COLORADO SPRINGS, Colo. (KRDO) -- This week you may have noticed a man along Interstate 25 in Colorado Springs holding an American flag and a sign that says “Illegals Not Welcome.”
Brett Dayberry, a longtime Colorado Springs resident, said he has been to multiple locations along I-25 this week, including the Colorado Springs sign near the North Gate exit and the Interquest bridge over the highway, to bring exposure and protest migrants coming from Denver to Colorado Springs.
“I want people that are coming from the north, potentially Denver coming into the Springs, to let them know this is how the Springs feels,” Dayberry said.
On Wednesday, KRDO13 Investigates saw Dayberry on the Academy bridge over I-25, so we asked him why he was protesting.
“When (Denver) started sending (migrants) down here affecting our community, that's when I said, ‘Hey, we got to shed some light on this issue,’” he said.
KRDO13 recently reported about 23 families, who self-identified as migrants, have come from Denver to Colorado Springs in the last four to five weeks. In response, El Paso County Commissioners said the county would not provide sanctuary for migrants. They said the migrant crisis is something El Paso County cannot handle financially.
Many of the county officials said they sympathize with the difficulties of migrant families, but the federal government has given false hope to migrants that they will find their needs met in the United States by not closing the border.
Colorado Springs Mayor Yemi Mobolade also said he would not invite the crisis into the city and reiterated that Colorado Springs is not a sanctuary city. Dayberry said he’s worried an influx of migrants into Colorado Springs will affect resident safety.
“We got tens and tens of thousands coming across the border that we don't know anything about,” Dayberry said. “This issue has been so polarized and it's made it into racist this or that. Can we just have safety in our country? That's kind of how I look at it.”
While Dayberry protested on the bridge Wednesday morning, multiple cars passing below him honked their horns. One person even stopped on the bridge to thank him. He said thus far he hasn’t received any negative reaction.
“He saw the flag first and when I showed him the sign, he just put his thumbs up and said, ‘Hey, thanks for what you're doing,’” Dayberry said of the encounter.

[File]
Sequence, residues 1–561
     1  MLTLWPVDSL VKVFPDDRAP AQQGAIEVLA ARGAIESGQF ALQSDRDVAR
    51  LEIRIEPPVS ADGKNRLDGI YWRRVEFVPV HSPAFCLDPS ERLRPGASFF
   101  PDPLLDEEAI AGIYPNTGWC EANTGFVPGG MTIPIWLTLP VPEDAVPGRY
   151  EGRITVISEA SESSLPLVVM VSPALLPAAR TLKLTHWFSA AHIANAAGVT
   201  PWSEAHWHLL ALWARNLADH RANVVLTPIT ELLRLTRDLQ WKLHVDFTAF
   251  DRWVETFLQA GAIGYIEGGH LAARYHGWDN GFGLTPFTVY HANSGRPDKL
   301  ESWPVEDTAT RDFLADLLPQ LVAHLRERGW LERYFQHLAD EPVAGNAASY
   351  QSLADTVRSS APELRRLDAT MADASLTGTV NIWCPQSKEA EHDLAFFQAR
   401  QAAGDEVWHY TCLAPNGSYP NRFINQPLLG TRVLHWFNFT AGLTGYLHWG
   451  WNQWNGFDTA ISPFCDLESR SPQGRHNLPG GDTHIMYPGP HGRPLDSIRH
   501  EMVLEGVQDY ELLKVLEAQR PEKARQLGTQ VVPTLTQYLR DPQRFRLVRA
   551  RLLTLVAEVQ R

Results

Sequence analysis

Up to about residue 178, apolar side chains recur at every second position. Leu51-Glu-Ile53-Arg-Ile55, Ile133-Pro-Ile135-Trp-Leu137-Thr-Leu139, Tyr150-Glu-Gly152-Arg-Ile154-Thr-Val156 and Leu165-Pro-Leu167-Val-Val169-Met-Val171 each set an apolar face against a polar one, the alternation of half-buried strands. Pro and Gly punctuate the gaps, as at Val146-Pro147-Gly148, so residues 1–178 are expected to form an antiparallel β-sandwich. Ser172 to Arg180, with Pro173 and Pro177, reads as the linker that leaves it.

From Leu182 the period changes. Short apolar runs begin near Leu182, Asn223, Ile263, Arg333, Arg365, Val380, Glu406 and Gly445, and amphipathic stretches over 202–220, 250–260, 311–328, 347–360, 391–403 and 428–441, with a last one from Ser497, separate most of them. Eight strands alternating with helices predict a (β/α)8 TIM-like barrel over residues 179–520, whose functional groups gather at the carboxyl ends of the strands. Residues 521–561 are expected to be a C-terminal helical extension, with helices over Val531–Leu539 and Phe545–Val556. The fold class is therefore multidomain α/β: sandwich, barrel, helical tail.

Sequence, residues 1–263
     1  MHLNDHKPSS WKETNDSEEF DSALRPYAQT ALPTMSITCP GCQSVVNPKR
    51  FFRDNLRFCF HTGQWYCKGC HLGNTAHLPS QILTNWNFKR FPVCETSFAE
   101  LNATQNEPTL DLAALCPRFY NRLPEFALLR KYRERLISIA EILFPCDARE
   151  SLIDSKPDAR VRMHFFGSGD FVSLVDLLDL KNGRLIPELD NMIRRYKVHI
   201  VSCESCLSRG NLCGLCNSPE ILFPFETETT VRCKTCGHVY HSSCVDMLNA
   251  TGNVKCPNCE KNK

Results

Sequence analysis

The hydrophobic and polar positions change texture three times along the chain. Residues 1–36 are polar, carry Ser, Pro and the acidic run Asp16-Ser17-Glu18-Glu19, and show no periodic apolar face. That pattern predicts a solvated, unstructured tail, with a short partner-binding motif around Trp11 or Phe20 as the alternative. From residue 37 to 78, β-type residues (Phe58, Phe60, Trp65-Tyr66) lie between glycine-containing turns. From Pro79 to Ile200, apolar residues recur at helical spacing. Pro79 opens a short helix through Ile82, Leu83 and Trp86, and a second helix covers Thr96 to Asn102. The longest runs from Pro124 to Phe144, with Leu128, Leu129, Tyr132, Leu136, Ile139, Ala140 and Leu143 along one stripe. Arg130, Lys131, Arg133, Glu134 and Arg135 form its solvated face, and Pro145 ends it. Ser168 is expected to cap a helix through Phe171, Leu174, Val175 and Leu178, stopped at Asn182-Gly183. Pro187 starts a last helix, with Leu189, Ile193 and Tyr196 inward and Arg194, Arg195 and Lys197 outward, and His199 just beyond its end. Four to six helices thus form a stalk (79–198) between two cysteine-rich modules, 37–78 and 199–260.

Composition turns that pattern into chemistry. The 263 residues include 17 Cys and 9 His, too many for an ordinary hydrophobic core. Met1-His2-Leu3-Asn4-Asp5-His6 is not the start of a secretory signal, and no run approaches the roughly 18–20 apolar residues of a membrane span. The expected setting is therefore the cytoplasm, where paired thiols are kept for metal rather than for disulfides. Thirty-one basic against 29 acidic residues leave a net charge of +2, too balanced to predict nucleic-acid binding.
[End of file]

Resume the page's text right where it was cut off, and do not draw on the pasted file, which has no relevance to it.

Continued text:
KRDO13 confirmed the Salvation Army in Colorado Springs has seen several migrants come through its doors. Doug Hanson with the Salvation Army said the shelter has helped twenty-three families over the last four to five weeks, with each family averaging around three to four people.
Mobolade thanked the Salvation Army for stepping up to take care of these families, though he was also firm in saying Colorado Springs is not going to "adopt a crisis," meaning become a sanctuary city. Meanwhile, El Paso County commissioners urged nonprofits to not provide aid to migrants.
KRDO13 Investigates reached out to the Salvation Army for an update on the number of migrants it has served as well as ask if the nonprofit will continue to help migrants that come through its doors. They provided the following statement.
The Salvation Army is a nonpartisan, evangelical Christian, mission-driven organization responding to crises and to the needs of our communities. Because we're a church, The Salvation Army believes the Gospel commands and compels us to care for people in need without discrimination of any kind. That's not just an idea; it's our long-standing mission statement for over 150 years. We are there to serve all who are in need as long as we have the capacity to help, motivated by the love of God. The Salvation Army is proud to be the largest provider of sheltering for families experiencing homelessness in Colorado Springs. Immigrant-identifying families make up a very small proportion of the families we serve in our social services programs. To date 23 families have entered the shelter and have cycled through our program quickly enroute to another destination.Captain Doug Hanson, The Salvation Army Divisional Secretary for El paso County
Dayberry said he wasn’t sure how long he would protest along I-25, but said his next location may be the Salvation Army.
“When Denver and sanctuary cities like that chose to say, ‘Okay, we're going to be a sanctuary city,’ then you need to deal with the ramifications of that,” Dayberry said. “Colorado Springs doesn't need to deal with the ramifications of your decision.”